Farming for urban tilapia
November 30, 2011 |  by Michael Anft
David Love surveys his work in progress: an inner-city tilapia farm. Photo: Will Kirk

David Love surveys his work in progress: an inner-city tilapia farm. Photo: Will Kirk

Amid shadowy light made grayish by a greenhouse roof, a convoluted tangle of pipes, plastic water tanks, 18-foot-long vats, and dull silver insulation awaits activation. It could pass for something conceived by Rube Goldberg or Fritz Lang, or a skein of technology that might merit the attention of rural law enforcement authorities. But if all goes well, this vast contraption could serve as a new model for do-it-yourself food raising. Under the auspices of the Bloomberg School of Public Health’s Center for a Livable Future, the greenhouse’s transformation could result in a sustainable synergy of bacteria, fish, and plants—and ultimately hundreds of pounds of tilapia plus a large backyard garden’s worth of collards, herbs, kale, lettuce, tomatoes, and other vegetables. It will also demonstrate to would-be urban farmers how they can grow more than one type of food, all on one site.

“Urban agriculture is becoming a big deal in Baltimore,” says David Love, an assistant scientist at the center and the project’s director. By law, city residents can “raise bees and keep four chickens,” he adds. “We want to develop a way for people to raise fish in the city as well.” If his new “farm” project, situated in a Baltimore park called Cylburn Arboretum, can become both cost-effective and ecologically sound, it will pave the way toward growing healthy food in the strangest of places. Love hopes to be able to show off a working example of aquaponics, a controlled method for growing fish (aquaculture) and plants (hydroponics) that relies upon regularly cleansed and recirculating water, with no antibiotics or chemicals, by early 2012.

Residents in hollowed-out city neighborhoods, where supermarkets and green grocers have disappeared, are more likely these days to search for ways to grow their own fresh food. Interest in fish farming has exploded internationally as some of the world’s largest stocks of ocean fish, including bluefin tuna, have been overharvested. Some nations have turned to fish farming, and not just in the local sense. Many large companies have attempted to generate profit by developing sprawling fish farms. Unfortunately, as research by Love and other Johns Hopkins scientists has shown, many fish and crustaceans raised on farms overseas are laden with antibacterial chemicals designed to keep them from developing infections. Those chemicals end up being ingested by humans. What’s more, studies have found high levels of fertilizer and pesticide residues in farm-raised fish, along with other toxins. “We import about 90 percent of the fish we eat here,” says Love. “But we only test about 1 percent that comes in. One way to know how healthy the fish you’re eating is is to raise it yourself.”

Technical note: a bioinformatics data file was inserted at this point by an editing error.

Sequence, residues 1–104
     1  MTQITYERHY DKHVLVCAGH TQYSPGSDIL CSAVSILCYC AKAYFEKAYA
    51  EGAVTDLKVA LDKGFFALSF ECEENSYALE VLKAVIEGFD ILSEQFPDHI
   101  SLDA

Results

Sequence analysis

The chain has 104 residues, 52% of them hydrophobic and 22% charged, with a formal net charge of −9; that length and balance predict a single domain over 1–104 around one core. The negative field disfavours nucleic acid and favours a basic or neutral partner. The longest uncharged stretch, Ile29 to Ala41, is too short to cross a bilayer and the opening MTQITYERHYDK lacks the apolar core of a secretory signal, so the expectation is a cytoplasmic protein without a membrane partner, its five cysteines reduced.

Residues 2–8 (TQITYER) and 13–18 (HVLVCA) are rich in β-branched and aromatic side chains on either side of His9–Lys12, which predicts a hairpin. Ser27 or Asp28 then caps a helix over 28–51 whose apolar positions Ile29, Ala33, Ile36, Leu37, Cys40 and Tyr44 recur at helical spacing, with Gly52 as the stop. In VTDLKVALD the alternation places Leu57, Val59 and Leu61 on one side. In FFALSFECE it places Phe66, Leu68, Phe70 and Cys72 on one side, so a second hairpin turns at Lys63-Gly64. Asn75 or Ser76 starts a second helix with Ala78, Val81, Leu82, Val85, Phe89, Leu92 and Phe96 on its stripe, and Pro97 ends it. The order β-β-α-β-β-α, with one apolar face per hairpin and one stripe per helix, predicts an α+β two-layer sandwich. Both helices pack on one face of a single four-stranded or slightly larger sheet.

Love’s backstory as an aquaculturalist dates to his high school years in the late 1990s. Growing up along the Lynnhaven River in southeastern Virginia, he designed and ran experiments off the dock of the family house to determine the best depth for growing plump, healthy oysters. Eventually, he and his father, Cliff, became so involved in oyster cultivation that they worked in tandem with the Chesapeake Bay Foundation to raise seed oysters in floating contraptions then help 200 other families raise them on beds in Virginia’s rivers.

But his urban experiment is another animal entirely. Inside the greenhouse, he must monitor water conditions, such as acidity, bacteria, and nitrate levels, so that the 300 fish he will soon raise in four 250-gallon tanks remain healthy. Water laden with bacteria and waste from the fish tanks will be filtered out in a separate tank and used for compost. What’s left of the wastewater will be mixed with new bacteria. That brew then will be used to nurture herbs and vegetables in two 18-foot-long “grow beds” that will float in a small pond.

Even though that all may sound appealingly symbiotic, with the waste of one food system used to feed another, Love still has to figure out how to make the workings of the greenhouse, which is on loan from the city of Baltimore, sustainable. He’ll likely have to contend with urban issues like insects, mice, roaming foxes, and vandals. The size of the project is hardly imposing. Love wanted to make sure it didn’t scare people off so many would follow his lead. “I wanted this to be large enough to be impressive, but small enough that one person could run it,” Love says.

There will be more than enough work for him to do, not to mention a litany of questions he’ll have to deal with on a daily basis: Will energy costs to heat and cool the operation make it too pricey to grow the food? Will the food be raised cheaply enough to make it attractive to growers at home and in neighborhood groups? (The food produced in the Cylburn greenhouse will be donated to local charities.) What kinds of food for the fish can be garnered in a sustainable way?

The Center for a Livable Future is planning tours at the greenhouse for college students, teachers, and researchers. Faculty members and student volunteers will be encouraged to use it as a lab. But even before it was up and running, the greenhouse/farm had already gotten a steady stream of attention. Urban farmers and those who want to be have trekked to Love’s operation. Many express a wish to do what he’s doing. Some offer to volunteer. Some come for an even simpler reason, he says, even though it doesn’t exactly apply to his project: “They want to reconnect with the soil.”